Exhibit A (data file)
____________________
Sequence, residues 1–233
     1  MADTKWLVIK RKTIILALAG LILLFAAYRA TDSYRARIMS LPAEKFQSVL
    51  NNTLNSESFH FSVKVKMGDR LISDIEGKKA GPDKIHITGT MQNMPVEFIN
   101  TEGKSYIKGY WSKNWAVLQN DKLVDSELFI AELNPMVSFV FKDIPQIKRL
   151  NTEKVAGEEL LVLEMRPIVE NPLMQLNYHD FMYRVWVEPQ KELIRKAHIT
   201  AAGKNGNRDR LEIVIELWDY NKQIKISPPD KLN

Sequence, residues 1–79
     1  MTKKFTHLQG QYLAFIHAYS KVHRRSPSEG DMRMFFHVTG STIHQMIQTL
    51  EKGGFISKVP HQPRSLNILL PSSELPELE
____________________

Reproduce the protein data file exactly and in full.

Sequence, residues 1–233
     1  MADTKWLVIK RKTIILALAG LILLFAAYRA TDSYRARIMS LPAEKFQSVL
    51  NNTLNSESFH FSVKVKMGDR LISDIEGKKA GPDKIHITGT MQNMPVEFIN
   101  TEGKSYIKGY WSKNWAVLQN DKLVDSELFI AELNPMVSFV FKDIPQIKRL
   151  NTEKVAGEEL LVLEMRPIVE NPLMQLNYHD FMYRVWVEPQ KELIRKAHIT
   201  AAGKNGNRDR LEIVIELWDY NKQIKISPPD KLN

Sequence, residues 1–79
     1  MTKKFTHLQG QYLAFIHAYS KVHRRSPSEG DMRMFFHVTG STIHQMIQTL
    51  EKGGFISKVP HQPRSLNILL PSSELPELE